With the drop in temperatures much like Indiana County saw at the beginning of January, plumbers and other professionals are left with more work than usual.
“We’ve had a bunch of burst pipes that we’re still repairing,” said Russ King of Davis Brothers Heating and Air Conditioning in Indiana. “We have one house that has 30 breaks in it that we know of.”
When pipes burst, King said, it could take anywhere from an hour to a day to fix the damage.
“It depends, sometimes it’s just one or two bursts; some could take a day.”
King suggests that residents keep their heat on and, if they have sinks on outside walls, to leave cabinet doors open. “Basically that’s all you can do,” he said.
Indiana University of Pennsylvania students missed the last wave of frigid temperatures while they were away on winter break, but they’ve been welcomed back to Indiana with more bitter cold.
The Facilities Operations Department for the campus sent a reminder to students and faculty on Tuesday to check that windows are closed and to make sure doors close behind them. In addition, those employees with control of HVAC equipment in their office and classroom have been asked to turn the “heat” setting on the machine on.
Students are asked to report unusually cold areas to the Facilities Operations Group or campus police.
Meanwhile, those who are out and about are encouraged to be mindful of the cold when it comes to vehicle maintenance.
From keeping fuel lines from freezing to maintaining a firm grip on the road with the right tires, there are a number of factors to take into consideration, according to those at local mechanic shops and tire companies.
One area cold temperatures can impact is tire pressure. According to Dave O’Hara, secretary/treasurer at Lias Tire in Indiana Borough, the change, however, may not be dramatic.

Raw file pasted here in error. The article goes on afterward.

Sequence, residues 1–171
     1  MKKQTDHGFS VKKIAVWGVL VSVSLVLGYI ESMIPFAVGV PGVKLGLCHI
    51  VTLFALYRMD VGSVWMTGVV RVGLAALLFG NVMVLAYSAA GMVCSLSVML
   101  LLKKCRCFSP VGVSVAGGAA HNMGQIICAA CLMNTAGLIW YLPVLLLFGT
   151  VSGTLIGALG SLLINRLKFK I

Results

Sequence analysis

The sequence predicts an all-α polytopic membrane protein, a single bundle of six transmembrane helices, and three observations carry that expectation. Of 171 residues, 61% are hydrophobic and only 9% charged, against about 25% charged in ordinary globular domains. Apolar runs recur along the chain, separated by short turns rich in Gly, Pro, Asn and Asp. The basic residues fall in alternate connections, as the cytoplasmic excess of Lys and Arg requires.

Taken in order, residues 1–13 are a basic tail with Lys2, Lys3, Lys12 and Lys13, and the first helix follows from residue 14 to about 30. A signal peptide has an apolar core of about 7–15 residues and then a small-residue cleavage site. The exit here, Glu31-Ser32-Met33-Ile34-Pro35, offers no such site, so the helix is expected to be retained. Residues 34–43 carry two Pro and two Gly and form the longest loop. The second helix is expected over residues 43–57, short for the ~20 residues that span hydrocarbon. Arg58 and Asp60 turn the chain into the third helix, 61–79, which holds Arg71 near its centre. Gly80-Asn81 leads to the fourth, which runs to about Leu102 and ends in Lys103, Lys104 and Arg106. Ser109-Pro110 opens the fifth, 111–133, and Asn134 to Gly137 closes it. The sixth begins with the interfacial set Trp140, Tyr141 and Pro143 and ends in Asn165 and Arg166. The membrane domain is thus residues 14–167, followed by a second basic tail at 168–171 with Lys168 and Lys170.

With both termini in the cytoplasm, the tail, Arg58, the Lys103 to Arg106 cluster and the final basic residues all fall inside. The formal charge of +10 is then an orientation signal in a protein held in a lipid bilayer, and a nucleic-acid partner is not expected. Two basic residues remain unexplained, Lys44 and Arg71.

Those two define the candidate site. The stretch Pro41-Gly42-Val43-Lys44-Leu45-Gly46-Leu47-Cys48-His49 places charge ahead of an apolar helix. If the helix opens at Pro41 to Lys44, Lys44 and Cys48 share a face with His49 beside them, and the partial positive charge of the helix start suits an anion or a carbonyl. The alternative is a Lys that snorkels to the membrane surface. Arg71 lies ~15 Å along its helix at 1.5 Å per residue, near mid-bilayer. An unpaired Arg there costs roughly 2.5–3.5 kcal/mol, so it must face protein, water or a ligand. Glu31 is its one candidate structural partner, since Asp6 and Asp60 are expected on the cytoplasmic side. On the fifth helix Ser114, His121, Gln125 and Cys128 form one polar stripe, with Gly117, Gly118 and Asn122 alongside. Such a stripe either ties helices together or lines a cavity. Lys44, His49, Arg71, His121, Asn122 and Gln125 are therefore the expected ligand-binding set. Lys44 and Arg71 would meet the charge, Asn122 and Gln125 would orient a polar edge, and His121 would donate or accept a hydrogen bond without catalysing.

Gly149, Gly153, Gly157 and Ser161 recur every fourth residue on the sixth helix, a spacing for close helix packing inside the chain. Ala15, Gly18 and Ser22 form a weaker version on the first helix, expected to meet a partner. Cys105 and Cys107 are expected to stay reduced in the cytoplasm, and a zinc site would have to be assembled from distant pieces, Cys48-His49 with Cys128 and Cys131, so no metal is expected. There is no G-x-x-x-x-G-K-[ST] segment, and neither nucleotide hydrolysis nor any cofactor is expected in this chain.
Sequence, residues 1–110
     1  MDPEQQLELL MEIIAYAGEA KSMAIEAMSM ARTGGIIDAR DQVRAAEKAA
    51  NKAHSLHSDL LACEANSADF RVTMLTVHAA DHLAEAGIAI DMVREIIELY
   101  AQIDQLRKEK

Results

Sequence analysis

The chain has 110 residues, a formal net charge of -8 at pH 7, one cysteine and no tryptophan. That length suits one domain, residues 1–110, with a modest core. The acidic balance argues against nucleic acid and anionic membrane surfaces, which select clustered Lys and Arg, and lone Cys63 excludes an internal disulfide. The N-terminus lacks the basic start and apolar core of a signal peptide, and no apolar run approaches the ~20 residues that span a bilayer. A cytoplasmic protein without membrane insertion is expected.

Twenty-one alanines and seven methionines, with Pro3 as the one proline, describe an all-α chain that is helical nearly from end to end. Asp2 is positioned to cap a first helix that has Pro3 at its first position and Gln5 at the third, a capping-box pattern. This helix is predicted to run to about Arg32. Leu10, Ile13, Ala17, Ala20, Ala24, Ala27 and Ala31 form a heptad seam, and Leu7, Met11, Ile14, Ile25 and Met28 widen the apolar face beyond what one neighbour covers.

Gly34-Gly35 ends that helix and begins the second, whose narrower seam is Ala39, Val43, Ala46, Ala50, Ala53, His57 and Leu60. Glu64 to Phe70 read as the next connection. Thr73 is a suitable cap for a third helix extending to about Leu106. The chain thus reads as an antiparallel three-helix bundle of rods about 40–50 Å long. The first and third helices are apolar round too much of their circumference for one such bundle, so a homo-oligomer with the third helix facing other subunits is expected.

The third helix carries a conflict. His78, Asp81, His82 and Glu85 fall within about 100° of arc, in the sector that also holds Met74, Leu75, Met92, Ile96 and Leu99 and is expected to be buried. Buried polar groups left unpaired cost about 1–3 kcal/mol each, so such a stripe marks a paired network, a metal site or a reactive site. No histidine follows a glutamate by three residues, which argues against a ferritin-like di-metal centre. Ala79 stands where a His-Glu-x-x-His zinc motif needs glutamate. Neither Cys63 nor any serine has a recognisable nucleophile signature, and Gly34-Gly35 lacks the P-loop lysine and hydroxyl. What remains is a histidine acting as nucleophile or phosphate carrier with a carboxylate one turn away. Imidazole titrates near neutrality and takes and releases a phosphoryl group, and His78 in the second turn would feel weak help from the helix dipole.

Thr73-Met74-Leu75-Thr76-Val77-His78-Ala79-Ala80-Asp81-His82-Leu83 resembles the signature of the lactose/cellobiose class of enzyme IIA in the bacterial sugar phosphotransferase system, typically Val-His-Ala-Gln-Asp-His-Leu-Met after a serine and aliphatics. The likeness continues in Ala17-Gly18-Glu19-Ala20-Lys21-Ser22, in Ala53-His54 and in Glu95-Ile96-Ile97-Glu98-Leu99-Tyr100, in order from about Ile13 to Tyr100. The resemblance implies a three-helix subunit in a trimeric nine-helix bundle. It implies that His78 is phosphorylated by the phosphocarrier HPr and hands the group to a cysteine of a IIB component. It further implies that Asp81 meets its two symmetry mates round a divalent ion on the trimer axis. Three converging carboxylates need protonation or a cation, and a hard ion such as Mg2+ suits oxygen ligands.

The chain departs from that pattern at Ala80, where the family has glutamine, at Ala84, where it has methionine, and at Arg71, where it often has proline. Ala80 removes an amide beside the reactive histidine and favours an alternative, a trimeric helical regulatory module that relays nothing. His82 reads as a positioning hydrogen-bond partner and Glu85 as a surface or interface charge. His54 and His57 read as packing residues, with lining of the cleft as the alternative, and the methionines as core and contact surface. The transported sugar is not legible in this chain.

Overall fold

“If it gets really cold, it can drop your air pressure by a couple of pounds,” he said.
Though it may not be drastic, it could be enough, in newer cars, to trip the light that signals tire pressure is low.
With freezing roadways and a range of wintry precipitation, snow tires are key to winter driving, according to O’Hara.
“Any snow tires are going to do a decent job,” he said.
While all-season tires meet the minimum requirements for snow traction, he said, a snow tire — indicated by a mountain symbol on the tire — will likely do better in the snow.
A common misconception, he said, is that a vehicle with four-wheel drive will do all right with snow tires on front and all-weather tires in the back. The tire industry actually recommends keeping snow tires on all four wheels in the winter months, O’Hara said.
“If you’re going around a corner and get so much traction in the front, it will cause the back end to skid around. Then you’re in trouble,” he said.
While it’s always important, during the winter, O’Hara advises drives to ensure their tires have a safe amount of tread. Drivers may be able to tell how well their tires are holding up based on performance in wintry conditions, he said. But it’s not a bad idea to take a good look at tires to make sure they are up to snuff.
“Any tire, once it gets below half tread, the winter traction isn’t as good,” O’Hara said.
Karl Markel, of Karl’s Auto Repair in Indiana Borough, said he hasn’t seen anything unusual related to the extreme low temperatures of recent weeks. But that doesn’t mean there are typical maintenance matters to keep an eye on during the winter.
His advice? Simply let your car warm up before you drive. Be careful with putting windows down in the cold weather — forcing them can break the regulators in automatic windows.
Other area mechanics also suggest changing your oil if needed and not letting your car get too low on gas.
And, when having your car serviced, Markel suggests making sure your mechanic checks all the vehicle’s fluids and lights.
“If you’re under the hood already, everything else is right within reach,” he said.